NaNo – Now What?

NaNo Now What? A guide to recovering after writing a novel

In 2020 I attempted – and managed- my biggest NaNoWriMo challenge to date: 80,000 words in 30 days, an epic sequel to my previous NaNoWriMo effort, which followed Malcolm The Werefox from A Tale of Two Princes. Along the way lots of fellow writers, and those interested in attempting the challenge themselves, asked questions about my process, but being caught up in it, I didn’t have time to fully respond. So in this mini-series I’m going to break down my processes step by step to help you make the most of NaNoWriMo 2021. This post is for the post NaNoWriMo slump, where you’re looking at a mess of words and thinking ‘Great, I managed NaNo! Now what?’

If you’re not quite there yet and are thinking about participating in NaNoWriMo for the first time, you may want to hop back to my Preptober post, which tells you my method for planning your NaNoWriMo novel, or my 5 top tips for smashing NaNoWriMo for the month of November itself.

So You Wrote A Novel….Now What?

You wrote a novel! Well done. That’s a huge achievement, and one that many people who set out on the same journey as you won’t have managed. Take a moment to bask in your glory. You are amazing! But you’re probably wondering what to do next. After 30 days of getting up and writing, you probably don’t know quite what to do with yourself. Here’s what you’re not going to do:

1. Don’t Read It.

I know that feels wrong. You’ve spent a month or more crafting this baby and now you’re supposed to just ignore it? Yes. I know it’s really tempting. You were writing too fast to really appreciate those amazing lines and fantastic plot twists during NaNoWriMo and you want to go enjoy them. But your novel will be soooooo much easier to edit if you’ve forgotten most of it and come back to it with fresh eyes. put it away for a few months if you can, and work on something else. At the very least, forbid yourself from looking at it at all during the month of December.

2. Dont Revise Or Edit It

You’re too close to it to do anything to it yet. You need to let yourself forget it so that you can re-read it with fresh eyes later. Your mind will still be going over and adjusting plot points, or coming up with no twists or snatches of character development. Make a note of those thoughts somewhere else and save them for when you get stuck into editing in the new year. Getting some distance will give your subconscious time to work away on the little details that will make your story sing.

3. Dont Send It Out

Not to critique partners, not to friends, not to your nan and definitely, 100%, absolutely not to publishers. Even if your work is amazing, and you are a genius, you can’t go from blank page to full novel in 30 days without some edits being needed. Please don’t ruin your chances with your dream publisher by sending them your sloppy first draft. Give it time to be refined and polished until it is the very best it can possibly be. You won’t miss your opportunity by waiting, but you might well blow it entirely if you send your novel out while it is still a draft.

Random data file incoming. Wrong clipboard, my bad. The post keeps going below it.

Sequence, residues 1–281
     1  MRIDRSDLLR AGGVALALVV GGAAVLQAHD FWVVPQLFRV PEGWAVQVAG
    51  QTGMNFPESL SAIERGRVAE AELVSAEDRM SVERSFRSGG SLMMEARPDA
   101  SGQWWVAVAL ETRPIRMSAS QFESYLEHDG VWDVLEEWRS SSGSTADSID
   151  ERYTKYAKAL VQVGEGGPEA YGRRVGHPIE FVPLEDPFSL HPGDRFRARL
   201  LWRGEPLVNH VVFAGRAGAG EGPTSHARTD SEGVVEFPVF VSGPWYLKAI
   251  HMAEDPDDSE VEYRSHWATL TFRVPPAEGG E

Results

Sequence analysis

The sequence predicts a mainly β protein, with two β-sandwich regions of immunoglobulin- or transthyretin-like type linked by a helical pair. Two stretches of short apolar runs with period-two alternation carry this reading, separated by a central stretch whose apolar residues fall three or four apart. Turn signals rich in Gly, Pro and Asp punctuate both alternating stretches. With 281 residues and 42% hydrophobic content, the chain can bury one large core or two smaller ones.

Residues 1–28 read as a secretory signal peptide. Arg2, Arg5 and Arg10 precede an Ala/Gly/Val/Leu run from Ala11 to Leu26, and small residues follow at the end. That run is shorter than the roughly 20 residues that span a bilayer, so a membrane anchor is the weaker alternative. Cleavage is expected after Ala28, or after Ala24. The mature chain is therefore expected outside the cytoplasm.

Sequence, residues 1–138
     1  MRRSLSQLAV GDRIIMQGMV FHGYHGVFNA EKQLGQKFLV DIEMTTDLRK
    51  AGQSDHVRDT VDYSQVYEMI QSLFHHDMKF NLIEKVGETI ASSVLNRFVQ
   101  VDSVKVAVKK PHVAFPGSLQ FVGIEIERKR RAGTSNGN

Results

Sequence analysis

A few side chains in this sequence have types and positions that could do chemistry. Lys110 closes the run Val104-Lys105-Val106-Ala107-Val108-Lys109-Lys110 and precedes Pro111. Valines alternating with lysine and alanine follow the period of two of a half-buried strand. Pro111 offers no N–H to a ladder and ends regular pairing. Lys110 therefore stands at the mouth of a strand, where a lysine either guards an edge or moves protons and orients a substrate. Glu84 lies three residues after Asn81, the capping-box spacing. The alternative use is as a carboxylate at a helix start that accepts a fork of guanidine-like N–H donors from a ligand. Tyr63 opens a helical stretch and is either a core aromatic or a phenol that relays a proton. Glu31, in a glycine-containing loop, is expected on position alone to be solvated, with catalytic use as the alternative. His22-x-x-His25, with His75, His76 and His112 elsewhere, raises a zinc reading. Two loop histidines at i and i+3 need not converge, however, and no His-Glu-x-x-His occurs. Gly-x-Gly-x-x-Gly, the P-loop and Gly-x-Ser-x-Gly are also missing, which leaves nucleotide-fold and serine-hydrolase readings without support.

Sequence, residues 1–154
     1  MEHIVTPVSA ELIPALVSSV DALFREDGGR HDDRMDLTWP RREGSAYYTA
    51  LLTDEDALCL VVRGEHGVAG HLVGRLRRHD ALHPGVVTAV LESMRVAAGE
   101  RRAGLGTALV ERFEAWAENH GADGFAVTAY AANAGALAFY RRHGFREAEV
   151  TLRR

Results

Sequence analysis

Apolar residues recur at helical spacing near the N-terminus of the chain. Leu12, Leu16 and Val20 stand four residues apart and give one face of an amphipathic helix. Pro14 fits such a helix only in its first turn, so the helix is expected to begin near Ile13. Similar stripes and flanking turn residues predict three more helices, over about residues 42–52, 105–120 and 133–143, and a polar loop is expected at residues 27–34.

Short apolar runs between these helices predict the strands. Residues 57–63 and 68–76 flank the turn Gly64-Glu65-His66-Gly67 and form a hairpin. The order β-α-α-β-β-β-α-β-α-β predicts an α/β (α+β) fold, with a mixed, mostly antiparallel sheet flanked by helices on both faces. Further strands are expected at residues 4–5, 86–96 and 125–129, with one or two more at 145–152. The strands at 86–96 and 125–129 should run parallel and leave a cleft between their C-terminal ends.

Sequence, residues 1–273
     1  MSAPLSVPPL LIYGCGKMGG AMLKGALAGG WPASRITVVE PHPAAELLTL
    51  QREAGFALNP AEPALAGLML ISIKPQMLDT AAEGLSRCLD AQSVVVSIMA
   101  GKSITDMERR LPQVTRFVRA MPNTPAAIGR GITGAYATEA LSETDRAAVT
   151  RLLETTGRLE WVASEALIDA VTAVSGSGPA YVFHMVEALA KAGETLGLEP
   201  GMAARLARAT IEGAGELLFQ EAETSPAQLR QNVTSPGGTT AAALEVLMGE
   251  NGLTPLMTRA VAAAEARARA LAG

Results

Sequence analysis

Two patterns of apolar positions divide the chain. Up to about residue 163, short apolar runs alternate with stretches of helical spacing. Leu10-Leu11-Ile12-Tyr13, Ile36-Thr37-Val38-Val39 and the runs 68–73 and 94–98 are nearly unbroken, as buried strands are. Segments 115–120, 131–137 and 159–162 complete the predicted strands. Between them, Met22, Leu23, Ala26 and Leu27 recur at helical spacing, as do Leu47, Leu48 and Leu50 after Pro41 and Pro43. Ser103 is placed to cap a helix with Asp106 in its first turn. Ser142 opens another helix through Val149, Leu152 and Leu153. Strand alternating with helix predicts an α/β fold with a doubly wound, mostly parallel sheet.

So What Can You Do?

4. Relax and Reflect

Even though you’ve spent most of the month behind a laptop, you will be tired. Achieving – heck even attempting – a massive feat like 50,000 words in a month is exhausting. The cognitive load of managing your time, convincing yourself to write, and sticking to it is huge, and that’s before we factor in the fact you’ve invented a whole cast of people, events, and places in your head and wrote them into being. Creation is hard work. Even God gave himself Sunday off. You need to rest and replenish yourself. You need to refill the creative well. Go outside, take a walk, see some of the people you’ve been neglecting. Blowing the cobwebs away will help you recover more quickly. It’ll also give you a chance to reflect on what about NaNoWriMo worked for you, what didn’t, what habits you want to keep, and what you’ve learned about your process.

5. Connect With Other Writers

Writing is a lonely vocation, and many writers are introverts and so that suits them just fine. But befriending other writers – whether they are in your genre or not – is so very valuable and shouldn’t be overlooked even if you are very shy. NaNoWriMo and the surrounding months are a great time to find other writers to connect with, using the NaNoWriMo forums, hashtags, and Facebook groups (these are usually location specific so if you’re feeling brave and it’s safe to, you can join with in-person meet-ups or “write-ins”). When we finally let that inner editor out of the basement, you’ll need critique partners and beta readers to show you the things that you’re too close to see, and ask the questions that will really drive your story forward.

Have you ever participated in NaNoWriMo? How did you deal with the post-novel NaNo – Now What? feeling?

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Author: Victoria Pearson

Victoria Pearson lives behind a keyboard somewhere in rural Bedfordshire, with her husband, her four children and her dog. She writes very strange stories.

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